I, like Joan Rivers (have you seen the documentary? It's surprisingly good), believe there is humor to be found in absolutely everything. Your husband committed suicide (as Joan's did)? There's a zinger in there somewhere. Lost your job? That one's just easy. Teenager's a drug addict? A veritable gold mine of jokes. It's been said a million times, but seriously, if we can't laugh, where are we?
Except now I can't laugh. I am sitting in a dark hospital room watching the mesmerizing blinking of my daughter's heart machine while she tries to sleep tangled in the various cords and wires coming off her body. Before you get too worried: she's fine. They are figuring it out. We should be going home with our rapidly growing collection of My Little Pony stickers very soon and that pale, feverish girl with the dark circles under her eyes that they've swapped for my daughter, will go back from whence she came and my vibrant girl shall make her triumphant return. Possibly even tomorrow.
So it's not worry that makes this unfunny. I am surprisingly calm and unflapped about all the poking and pricking and monitoring she's been through in the last 24 hours. It is a feeling of intense gratitude that makes this all so seriously unfunny. I am thankful for everything right now. I'm positively gooey with it.
For medical insurance for one. For pediatric nurses who stand in a line as you enter the ward for the first time and greet your child by name as if they have been waiting all day just for a glimpse of her. For Japanese restaurants that deliver to the seventh floor of the hospital. For handsome Korean orderlies who push you and your daughter around the hospital in a wheelchair. For toy rooms with baby dolls and volunteers who read books. For doctors who introduce themselves using their first names and then take such detailed medical histories you feels as if they really, really care about figuring this out. I'm thankful for ibuprofen and antibiotics and in-room DVD players.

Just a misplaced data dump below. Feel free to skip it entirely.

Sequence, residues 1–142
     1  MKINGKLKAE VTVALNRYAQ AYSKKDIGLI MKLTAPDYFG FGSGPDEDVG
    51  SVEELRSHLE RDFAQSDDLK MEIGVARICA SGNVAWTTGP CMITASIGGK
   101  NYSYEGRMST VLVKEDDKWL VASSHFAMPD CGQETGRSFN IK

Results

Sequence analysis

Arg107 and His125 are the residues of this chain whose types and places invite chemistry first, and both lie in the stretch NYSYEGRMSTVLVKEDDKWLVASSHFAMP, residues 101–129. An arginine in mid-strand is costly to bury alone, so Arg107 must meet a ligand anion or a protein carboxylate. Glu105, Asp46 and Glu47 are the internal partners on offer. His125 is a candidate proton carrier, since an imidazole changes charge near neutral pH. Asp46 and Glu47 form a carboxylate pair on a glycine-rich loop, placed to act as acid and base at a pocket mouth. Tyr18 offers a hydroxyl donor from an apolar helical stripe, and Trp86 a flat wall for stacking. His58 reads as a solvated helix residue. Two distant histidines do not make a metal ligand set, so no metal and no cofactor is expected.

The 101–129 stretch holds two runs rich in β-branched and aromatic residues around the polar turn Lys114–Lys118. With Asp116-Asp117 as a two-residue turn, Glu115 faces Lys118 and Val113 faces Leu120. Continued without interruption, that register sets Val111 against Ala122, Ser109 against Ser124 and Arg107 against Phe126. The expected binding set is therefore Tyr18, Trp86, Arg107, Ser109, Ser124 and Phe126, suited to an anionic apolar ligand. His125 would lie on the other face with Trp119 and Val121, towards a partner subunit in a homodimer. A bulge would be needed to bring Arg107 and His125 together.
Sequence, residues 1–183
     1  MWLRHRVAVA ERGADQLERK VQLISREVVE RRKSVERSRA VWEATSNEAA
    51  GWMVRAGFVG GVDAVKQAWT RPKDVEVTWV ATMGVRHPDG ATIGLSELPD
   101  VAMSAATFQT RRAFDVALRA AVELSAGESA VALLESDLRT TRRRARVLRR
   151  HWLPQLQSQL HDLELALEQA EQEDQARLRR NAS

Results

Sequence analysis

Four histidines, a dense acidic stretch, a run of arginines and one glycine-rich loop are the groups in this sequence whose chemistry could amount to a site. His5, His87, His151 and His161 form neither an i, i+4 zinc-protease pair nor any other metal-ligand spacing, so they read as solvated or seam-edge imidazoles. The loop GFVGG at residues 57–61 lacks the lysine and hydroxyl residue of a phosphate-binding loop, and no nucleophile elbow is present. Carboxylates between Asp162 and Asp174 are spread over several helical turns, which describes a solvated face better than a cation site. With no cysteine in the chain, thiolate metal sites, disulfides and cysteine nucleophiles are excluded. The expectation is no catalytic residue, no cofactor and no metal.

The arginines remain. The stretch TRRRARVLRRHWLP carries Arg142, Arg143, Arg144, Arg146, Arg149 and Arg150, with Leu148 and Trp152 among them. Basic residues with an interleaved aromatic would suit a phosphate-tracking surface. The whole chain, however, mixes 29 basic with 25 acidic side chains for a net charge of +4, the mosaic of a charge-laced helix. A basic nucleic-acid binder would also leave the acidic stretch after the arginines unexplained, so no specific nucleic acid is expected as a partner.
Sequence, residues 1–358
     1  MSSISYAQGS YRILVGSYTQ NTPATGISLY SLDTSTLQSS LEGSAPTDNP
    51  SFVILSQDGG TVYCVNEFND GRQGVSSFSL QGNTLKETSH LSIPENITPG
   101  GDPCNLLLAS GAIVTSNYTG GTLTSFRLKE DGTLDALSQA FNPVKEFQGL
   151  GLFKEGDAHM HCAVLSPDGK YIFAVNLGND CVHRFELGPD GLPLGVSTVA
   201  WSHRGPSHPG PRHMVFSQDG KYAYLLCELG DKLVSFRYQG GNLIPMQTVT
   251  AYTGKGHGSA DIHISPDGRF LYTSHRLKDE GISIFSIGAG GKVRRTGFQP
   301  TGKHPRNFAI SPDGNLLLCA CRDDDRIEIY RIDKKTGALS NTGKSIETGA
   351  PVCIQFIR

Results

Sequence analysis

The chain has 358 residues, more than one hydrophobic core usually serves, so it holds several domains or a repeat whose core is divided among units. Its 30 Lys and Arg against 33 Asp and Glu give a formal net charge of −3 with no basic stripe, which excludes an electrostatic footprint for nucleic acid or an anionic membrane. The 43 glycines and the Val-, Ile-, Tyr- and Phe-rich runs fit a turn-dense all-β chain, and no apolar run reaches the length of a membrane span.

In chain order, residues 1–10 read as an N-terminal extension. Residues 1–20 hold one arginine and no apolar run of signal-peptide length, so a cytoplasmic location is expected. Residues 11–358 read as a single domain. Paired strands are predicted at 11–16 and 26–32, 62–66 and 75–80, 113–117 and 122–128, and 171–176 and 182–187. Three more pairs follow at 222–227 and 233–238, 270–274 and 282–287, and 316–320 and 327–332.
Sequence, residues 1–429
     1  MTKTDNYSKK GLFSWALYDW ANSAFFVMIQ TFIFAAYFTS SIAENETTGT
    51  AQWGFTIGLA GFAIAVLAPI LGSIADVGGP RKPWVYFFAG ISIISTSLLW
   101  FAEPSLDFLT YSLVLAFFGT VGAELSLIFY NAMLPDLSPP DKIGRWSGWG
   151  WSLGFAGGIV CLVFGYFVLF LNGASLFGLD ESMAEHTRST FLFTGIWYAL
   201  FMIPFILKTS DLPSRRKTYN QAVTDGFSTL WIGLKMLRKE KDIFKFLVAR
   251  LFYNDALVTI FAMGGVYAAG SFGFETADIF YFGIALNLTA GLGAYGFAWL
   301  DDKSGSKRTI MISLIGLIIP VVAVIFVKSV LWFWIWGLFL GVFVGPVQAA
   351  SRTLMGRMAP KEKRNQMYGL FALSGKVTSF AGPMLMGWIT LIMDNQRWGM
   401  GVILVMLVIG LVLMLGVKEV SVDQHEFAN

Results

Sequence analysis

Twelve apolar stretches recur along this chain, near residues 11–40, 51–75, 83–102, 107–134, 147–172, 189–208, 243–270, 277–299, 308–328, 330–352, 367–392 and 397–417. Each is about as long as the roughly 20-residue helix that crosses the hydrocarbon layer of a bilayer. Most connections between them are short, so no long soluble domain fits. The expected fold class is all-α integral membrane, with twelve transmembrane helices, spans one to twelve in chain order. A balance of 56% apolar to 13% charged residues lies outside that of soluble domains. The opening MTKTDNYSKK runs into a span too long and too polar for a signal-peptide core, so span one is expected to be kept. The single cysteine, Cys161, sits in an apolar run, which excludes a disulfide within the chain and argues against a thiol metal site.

But mostly, of course, I am so thankful to have kids who are not chronically or critically ill. I am awed and bowled over by the good fortune that is good health. Every time I think about riffing on this hospital experience (and it's ripe with cute ice cream jokes and "buh-gina" references, let me tell you), I think about parents who have to spend a lot of time in the hospital with their children and I am snapped right back onto the straight and narrow. Because that, my friends, is suffering. And if you are not suffering in that particular way, you have much to be thankful for. And that's what I'm left with: one giant thank you, thank you, thank you Buh-Jeezus!